Conference Proceeding

# Integrating Sample-Based Planning and Model-Based Reinforcement Learning.

01/2010; In proceeding of: Proceedings of the Twenty-Fourth AAAI Conference on Artificial Intelligence, AAAI 2010, Atlanta, Georgia, USA, July 11-15, 2010
Source: DBLP

ABSTRACT Recent advancements in model-based reinforcement learn- ing have shown that the dynamics of many structured do- mains (e.g. DBNs) can be learned with tractable sample com- plexity, despite their exponentially large state spaces. U n- fortunately, these algorithms all require access to a plann er that computes a near optimal policy, and while many tra- ditional MDP algorithms make this guarantee, their com- putation time grows with the number of states. We show how to replace these over-matched planners with a class of sample-based planners—whose computation time is indepen- dent of the number of states—without sacrificing the sample- efficiency guarantees of the overall learning algorithms. T o do so, we define sufficient criteria for a sample-based planne r to be used in such a learning system and analyze two popu- lar sample-based approaches from the literature. We also in- troduce our own sample-based planner, which combines the strategies from these algorithms and still meets the criter ia for integration into our learning system. In doing so, we define the first complete RL solution for compactly represented (ex - ponentially sized) state spaces with efficiently learnable dy- namics that is both sample efficient and whose computation time does not grow rapidly with the number of states.

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##### Article: Bandit Algorithms for Tree Search
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ABSTRACT: Bandit based methods for tree search have recently gained popularity when applied to huge trees, e.g. in the game of go (Gelly et al., 2006). The UCT algorithm (Kocsis and Szepesvari, 2006), a tree search method based on Upper Confidence Bounds (UCB) (Auer et al., 2002), is believed to adapt locally to the effective smoothness of the tree. However, we show that UCT is too optimistic'' in some cases, leading to a regret O(exp(exp(D))) where D is the depth of the tree. We propose alternative bandit algorithms for tree search. First, a modification of UCT using a confidence sequence that scales exponentially with the horizon depth is proven to have a regret O(2^D \sqrt{n}), but does not adapt to possible smoothness in the tree. We then analyze Flat-UCB performed on the leaves and provide a finite regret bound with high probability. Then, we introduce a UCB-based Bandit Algorithm for Smooth Trees which takes into account actual smoothness of the rewards for performing efficient cuts'' of sub-optimal branches with high confidence. Finally, we present an incremental tree search version which applies when the full tree is too big (possibly infinite) to be entirely represented and show that with high probability, essentially only the optimal branches is indefinitely developed. We illustrate these methods on a global optimization problem of a Lipschitz function, given noisy data.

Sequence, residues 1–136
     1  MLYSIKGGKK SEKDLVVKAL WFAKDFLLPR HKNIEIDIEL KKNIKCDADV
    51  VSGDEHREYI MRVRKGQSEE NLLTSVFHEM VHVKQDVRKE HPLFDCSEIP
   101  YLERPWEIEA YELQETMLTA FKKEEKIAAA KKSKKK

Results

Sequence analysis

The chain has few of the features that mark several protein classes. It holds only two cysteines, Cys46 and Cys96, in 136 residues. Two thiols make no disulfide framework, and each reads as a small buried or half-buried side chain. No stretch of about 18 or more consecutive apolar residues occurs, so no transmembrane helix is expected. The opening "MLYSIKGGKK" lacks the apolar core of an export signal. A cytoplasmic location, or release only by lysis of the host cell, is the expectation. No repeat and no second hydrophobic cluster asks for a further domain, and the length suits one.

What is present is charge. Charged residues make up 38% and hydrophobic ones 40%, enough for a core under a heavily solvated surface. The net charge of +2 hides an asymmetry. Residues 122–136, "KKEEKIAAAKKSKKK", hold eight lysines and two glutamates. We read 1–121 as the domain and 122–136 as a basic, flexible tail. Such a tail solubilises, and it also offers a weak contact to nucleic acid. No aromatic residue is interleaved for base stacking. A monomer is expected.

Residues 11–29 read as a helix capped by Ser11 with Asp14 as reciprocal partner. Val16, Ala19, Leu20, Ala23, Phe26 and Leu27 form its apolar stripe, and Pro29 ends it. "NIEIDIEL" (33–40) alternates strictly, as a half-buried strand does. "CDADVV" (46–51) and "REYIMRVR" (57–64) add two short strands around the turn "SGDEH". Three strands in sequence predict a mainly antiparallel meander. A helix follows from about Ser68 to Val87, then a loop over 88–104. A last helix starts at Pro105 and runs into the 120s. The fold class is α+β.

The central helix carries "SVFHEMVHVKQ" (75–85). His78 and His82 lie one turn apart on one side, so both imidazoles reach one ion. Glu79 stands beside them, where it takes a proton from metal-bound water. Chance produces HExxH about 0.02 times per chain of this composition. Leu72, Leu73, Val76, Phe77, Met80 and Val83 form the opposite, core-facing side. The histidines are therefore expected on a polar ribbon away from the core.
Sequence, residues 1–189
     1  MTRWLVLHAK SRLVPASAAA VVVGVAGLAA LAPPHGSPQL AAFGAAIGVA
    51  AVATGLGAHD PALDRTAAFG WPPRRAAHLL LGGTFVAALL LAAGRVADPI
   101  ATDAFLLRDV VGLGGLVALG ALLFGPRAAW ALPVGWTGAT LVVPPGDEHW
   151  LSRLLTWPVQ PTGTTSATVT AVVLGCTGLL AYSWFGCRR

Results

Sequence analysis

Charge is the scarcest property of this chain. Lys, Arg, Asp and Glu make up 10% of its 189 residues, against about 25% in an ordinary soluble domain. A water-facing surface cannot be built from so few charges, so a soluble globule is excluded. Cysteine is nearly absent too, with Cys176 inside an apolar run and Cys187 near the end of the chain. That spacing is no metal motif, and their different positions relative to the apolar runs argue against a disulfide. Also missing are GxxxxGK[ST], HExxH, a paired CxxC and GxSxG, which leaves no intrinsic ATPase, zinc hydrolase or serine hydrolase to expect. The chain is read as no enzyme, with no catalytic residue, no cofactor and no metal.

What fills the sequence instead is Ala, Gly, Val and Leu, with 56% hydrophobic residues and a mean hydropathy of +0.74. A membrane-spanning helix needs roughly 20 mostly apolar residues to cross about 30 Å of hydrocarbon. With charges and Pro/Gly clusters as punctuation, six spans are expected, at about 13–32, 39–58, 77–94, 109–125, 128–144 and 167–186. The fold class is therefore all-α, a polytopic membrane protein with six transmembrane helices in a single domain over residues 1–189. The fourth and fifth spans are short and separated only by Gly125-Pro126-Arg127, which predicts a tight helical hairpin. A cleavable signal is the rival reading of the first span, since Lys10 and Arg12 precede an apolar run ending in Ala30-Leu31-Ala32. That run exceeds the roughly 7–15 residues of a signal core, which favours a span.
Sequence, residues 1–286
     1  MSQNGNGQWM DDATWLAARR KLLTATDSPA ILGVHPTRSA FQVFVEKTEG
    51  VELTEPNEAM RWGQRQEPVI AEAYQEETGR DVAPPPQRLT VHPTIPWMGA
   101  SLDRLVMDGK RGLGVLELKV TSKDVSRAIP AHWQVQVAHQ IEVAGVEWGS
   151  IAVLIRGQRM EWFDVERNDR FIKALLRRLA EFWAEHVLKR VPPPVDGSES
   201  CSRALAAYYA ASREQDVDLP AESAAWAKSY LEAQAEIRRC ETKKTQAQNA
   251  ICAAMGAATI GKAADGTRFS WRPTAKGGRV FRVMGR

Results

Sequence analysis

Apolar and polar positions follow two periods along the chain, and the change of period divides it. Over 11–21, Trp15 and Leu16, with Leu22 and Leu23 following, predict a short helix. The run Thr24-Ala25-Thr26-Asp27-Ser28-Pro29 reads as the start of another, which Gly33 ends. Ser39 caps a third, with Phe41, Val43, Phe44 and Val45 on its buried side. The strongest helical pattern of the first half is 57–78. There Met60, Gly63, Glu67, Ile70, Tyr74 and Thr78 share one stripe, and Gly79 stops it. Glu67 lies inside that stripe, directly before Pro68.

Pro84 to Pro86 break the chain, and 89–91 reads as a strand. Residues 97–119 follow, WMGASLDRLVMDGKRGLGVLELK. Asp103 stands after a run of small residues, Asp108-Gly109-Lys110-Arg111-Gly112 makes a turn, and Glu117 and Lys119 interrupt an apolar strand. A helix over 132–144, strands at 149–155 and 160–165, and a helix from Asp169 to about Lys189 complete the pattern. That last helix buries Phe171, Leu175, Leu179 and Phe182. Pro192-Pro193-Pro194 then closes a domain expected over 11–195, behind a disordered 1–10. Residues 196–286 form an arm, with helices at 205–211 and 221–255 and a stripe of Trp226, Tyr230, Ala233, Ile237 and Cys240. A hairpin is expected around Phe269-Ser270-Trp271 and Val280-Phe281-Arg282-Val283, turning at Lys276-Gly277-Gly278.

04/2007;
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##### Article: Reinforcement Learning in Finite MDPs: PAC Analysis.
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ABSTRACT: We study the problem of learning near-optimal behavior in finite Markov Decision Processes (MDPs) with a polynomial number of samples. These "PAC-MDP" algorithms include the well-known E3 and R-MAX algorithms as well as the more recent Delayed Q-learning algorithm. We summarize the current state-of-the-art by presenting bounds for the problem in a unified theoretical framework. We also present a more refined analysis that yields insight into the differences between the model-free Delayed Q-learning and the model-based R-MAX. Finally, we conclude with open problems.
Journal of Machine Learning Research. 01/2009; 10:2413-2444.
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##### Article: Combining Online and Offline Knowledge in UCT
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ABSTRACT: The UCT algorithm learns a value function online using sample-based search. The T D(lambda) algorithm can learn a value function offline for the on-policy distribution. We consider three approaches for combining offline and online value functions in the UCT algorithm. First, the offline value function is used as a default policy during Monte-Carlo simulation. Second, the UCT value function is combined with a rapid online estimate of action values. Third, the offline value function is used as prior knowledge in the UCT search tree. We evaluate these algorithms in 9 × 9 Go against GnuGo 3.7.10. The ﬁrst algorithm performs better than UCT with a random simulation policy, but surprisingly, worse than UCT with a weaker, handcrafted simulation policy. The second algorithm outperforms UCT altogether. The third algorithm outperforms UCT with handcrafted prior knowledge. We combine these algorithms in MoGo, the world’s strongest 9 × 9 Go program. Each technique signiﬁcantly improves MoGo’s playing strength.
01/2007;